Etymology
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fifth column (n.)
1936, from Gen. Emilio Mola's comment at the siege of Madrid during the Spanish Civil War that he would take the city with his four columns of troops outside it and his "fifth column" (quinta columna) in the city.
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legem pone (n.)
"payment of money, cash down," 1570s, old slang, from the title in the Anglican prayer-book of the psalm appointed for Matins on the 25th of the month; it was consequently associated especially with March 25, the new year of the old calendar and a quarter day, when payments and debts came due and money changed hands generally. The title is from the first two words of the fifth division of Psalm cxix: Legem pone mihi, Domine, viam justificationum tuarum "Teach me, O Lord, the way of thy statutes."
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Monroe 

the surname (also Munroe, etc.) is said to be ultimately from the River Roe in Derry, Ireland. James Monroe (1758-1831), the fifth U.S. president, was in office from 1817 to 1825. The Monroe Doctrine (so called from 1848) is a reference to the principles of policy contained in his message to Congress on Dec. 2, 1823. Monrovia, the capital of Liberia, also was named for him at its founding in 1822 by the American Colonization Society.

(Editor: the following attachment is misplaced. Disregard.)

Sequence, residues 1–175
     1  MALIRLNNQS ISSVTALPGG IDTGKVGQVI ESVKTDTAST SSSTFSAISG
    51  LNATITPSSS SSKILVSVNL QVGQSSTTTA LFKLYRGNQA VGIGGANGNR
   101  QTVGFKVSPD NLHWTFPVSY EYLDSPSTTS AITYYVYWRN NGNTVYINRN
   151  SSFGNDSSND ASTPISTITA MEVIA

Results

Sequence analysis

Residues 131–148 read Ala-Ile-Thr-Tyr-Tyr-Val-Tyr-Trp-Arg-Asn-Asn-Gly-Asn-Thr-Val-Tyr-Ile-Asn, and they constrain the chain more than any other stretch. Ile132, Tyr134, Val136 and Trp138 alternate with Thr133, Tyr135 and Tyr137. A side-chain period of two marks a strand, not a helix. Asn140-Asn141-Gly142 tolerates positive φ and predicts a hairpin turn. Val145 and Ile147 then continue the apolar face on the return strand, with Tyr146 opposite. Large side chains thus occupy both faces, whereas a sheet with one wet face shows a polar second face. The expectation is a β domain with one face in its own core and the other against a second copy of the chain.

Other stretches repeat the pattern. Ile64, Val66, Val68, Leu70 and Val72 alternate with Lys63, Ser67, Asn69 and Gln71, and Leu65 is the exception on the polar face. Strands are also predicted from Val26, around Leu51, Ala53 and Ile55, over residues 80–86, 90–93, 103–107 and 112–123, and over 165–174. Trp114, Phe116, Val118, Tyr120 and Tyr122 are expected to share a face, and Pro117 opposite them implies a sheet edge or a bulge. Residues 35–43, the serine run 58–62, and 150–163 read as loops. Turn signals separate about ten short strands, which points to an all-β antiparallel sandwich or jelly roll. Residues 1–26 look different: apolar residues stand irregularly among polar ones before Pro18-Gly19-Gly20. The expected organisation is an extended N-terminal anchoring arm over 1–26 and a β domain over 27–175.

In terms of national psychology, the Monroe Doctrine marked the moment when Americans no longer faced eastward across the Atlantic and turned to face westward across the continent. [Daniel Walker Howe, "What Hath God Wrought"]
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